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Title:Sensory evaluation of reduced sodium potato chips and puffed rice
Author(s):Buechler, Aimee Elizabeth
Advisor(s):Lee, Soo-Yeun
Department / Program:Food Science & Human Nutrition
Discipline:Food Science & Human Nutrition
Degree Granting Institution:University of Illinois at Urbana-Champaign
Subject(s):sodium reduction
flavor enhancers
consumer test
descriptive analysis
Abstract:In the United States, approximately 90% of consumers exceed the daily recommendation of 2,300 mg of sodium. The Food and Drug Administration (FDA) has developed voluntary short-term and long-term sodium reduction guidelines for a variety of food categories. Reduced sodium products, however, are often not liked by consumers. Flavor enhancers, like monosodium glutamate (MSG) and disodium inosinate and guanylate (I+G), increase the savory flavor of reduced sodium foods and may allow for greater consumer acceptance. The first objective of this research was to compare the acceptability of FDA-recommended short- and long-term reduced sodium flavored potato chips (18% and 51% reduction) and puffed rice (20% and 57% reduction) seasoned with and without MSG and I+G combinations across three conditions: blind tasting, ingredient information, and ingredient information with educational phrase of the need for sodium reduction and the safety of flavor enhancers. Across all conditions, there was a significant difference in liking for potato chip (p < 0.01) and puffed rice (p < 0.001) samples. Ingredient information increased the acceptance of potato chip samples seasoned with flavor enhancers, while education increased the liking of potato chip samples seasoned with short- and long-term sodium reductions and samples seasoned only with salt and MSG. Puffed rice seasoned with MSG and I+G were liked the most, while ingredient information increased the liking of samples except for samples seasoned with reduced sodium long-term with MSG and I+G. Education, however, increased the acceptance of all puffed rice samples seasoned with MSG and I+G. The second objective was to identify drivers of liking for the potato chip and puffed rice samples by correlating acceptance data and descriptive analysis sample profiles. The 11 trained panelists identified eight significantly different attributes for potato chips and seven significantly different attributes for puffed rice. Drivers of liking for potato chips were meaty aftertaste, aroma, and aroma-by-mouth and umami aftertaste, while raw potato aroma was a driver of disliking. For puffed rice, crunchy texture, garlic aftertaste, and savory aftertaste were drivers of liking. Puffed rice drivers of disliking were bitter aftertaste and chili powder aroma-by-mouth. Understanding the influence of ingredient labeling and education and drivers of liking for potato chips and puffed rice will allow the food industry to develop successful reduced sodium potato chips and puffed rice.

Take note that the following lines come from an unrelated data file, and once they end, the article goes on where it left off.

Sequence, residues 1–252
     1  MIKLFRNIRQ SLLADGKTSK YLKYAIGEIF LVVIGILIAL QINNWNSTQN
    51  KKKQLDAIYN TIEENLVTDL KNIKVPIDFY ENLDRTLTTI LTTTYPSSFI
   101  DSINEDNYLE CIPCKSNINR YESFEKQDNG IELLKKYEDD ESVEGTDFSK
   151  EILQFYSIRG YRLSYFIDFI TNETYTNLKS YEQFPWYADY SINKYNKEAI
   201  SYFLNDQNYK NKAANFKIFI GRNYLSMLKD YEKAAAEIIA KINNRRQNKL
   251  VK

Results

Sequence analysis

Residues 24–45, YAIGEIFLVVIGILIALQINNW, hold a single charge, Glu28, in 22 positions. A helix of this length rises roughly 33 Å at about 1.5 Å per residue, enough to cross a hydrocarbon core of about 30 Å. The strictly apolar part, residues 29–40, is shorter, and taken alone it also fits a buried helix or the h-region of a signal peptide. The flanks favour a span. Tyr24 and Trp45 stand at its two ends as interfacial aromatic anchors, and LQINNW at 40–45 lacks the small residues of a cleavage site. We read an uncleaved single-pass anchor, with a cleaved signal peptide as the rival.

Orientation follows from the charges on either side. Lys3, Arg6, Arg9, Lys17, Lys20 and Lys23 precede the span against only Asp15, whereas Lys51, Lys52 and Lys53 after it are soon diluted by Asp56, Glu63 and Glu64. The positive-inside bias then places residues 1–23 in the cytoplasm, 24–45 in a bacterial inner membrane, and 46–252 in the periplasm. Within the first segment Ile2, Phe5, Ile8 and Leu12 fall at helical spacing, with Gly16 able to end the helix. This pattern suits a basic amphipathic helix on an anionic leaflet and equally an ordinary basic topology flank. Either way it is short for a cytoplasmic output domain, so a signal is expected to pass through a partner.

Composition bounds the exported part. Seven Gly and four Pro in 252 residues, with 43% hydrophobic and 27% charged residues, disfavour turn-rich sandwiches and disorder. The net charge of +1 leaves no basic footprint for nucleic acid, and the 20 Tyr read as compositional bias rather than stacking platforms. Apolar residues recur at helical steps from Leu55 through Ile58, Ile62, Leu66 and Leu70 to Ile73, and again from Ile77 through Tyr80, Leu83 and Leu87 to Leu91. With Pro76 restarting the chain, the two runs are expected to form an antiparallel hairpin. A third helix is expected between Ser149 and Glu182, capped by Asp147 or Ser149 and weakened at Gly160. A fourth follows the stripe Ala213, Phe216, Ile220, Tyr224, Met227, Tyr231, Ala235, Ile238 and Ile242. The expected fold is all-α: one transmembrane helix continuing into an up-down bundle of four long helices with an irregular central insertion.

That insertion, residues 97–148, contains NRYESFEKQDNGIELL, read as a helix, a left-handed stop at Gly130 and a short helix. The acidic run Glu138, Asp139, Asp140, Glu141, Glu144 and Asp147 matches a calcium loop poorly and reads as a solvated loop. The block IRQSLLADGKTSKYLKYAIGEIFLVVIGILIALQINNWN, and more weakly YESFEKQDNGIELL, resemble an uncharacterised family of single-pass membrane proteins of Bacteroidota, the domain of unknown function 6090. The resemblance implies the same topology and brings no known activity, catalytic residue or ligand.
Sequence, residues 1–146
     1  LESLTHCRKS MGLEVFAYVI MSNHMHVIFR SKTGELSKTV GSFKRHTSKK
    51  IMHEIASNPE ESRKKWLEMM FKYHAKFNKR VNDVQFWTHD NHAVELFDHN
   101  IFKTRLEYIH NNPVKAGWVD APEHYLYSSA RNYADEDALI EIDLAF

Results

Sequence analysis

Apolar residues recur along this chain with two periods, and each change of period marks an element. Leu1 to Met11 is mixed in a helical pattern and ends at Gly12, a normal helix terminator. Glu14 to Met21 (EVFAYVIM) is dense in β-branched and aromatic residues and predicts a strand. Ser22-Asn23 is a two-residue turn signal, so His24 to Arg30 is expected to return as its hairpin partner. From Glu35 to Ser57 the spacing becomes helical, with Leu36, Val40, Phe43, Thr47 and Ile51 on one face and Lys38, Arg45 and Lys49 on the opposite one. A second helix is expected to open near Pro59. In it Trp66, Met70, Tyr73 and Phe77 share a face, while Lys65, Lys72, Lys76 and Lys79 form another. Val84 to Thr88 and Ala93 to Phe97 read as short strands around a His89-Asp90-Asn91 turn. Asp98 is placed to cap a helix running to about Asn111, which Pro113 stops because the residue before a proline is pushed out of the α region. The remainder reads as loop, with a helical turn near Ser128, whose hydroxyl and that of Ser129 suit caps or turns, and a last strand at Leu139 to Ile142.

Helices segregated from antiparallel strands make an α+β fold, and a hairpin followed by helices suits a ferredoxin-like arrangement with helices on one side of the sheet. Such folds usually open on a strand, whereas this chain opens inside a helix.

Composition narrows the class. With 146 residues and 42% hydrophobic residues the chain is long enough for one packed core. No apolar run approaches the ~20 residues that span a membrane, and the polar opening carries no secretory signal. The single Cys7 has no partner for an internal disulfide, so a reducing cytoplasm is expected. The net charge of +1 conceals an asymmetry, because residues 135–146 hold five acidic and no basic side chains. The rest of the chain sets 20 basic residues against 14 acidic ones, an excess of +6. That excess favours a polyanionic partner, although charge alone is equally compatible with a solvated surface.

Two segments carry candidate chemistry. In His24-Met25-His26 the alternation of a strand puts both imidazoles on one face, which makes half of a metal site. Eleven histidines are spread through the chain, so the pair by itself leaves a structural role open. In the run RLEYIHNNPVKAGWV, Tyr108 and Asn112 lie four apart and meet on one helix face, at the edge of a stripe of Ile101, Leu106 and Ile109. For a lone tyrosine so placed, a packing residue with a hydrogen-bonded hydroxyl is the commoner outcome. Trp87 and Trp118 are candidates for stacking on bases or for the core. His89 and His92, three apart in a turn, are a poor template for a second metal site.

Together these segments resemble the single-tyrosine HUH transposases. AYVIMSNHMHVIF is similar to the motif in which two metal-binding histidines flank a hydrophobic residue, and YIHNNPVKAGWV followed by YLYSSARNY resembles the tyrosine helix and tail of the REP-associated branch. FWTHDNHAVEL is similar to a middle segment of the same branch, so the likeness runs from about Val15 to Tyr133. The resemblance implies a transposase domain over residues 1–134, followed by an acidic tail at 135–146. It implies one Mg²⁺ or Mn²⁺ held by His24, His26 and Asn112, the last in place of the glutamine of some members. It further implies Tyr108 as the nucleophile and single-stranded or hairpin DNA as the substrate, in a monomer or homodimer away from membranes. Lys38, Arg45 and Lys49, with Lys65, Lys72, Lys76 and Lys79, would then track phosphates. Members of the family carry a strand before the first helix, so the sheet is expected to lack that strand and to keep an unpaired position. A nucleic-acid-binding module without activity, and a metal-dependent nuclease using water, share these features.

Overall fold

Issue Date:2019-04-25
Rights Information:Copyright 2019 Aimee Buechler
Date Available in IDEALS:2019-08-23
Date Deposited:2019-05

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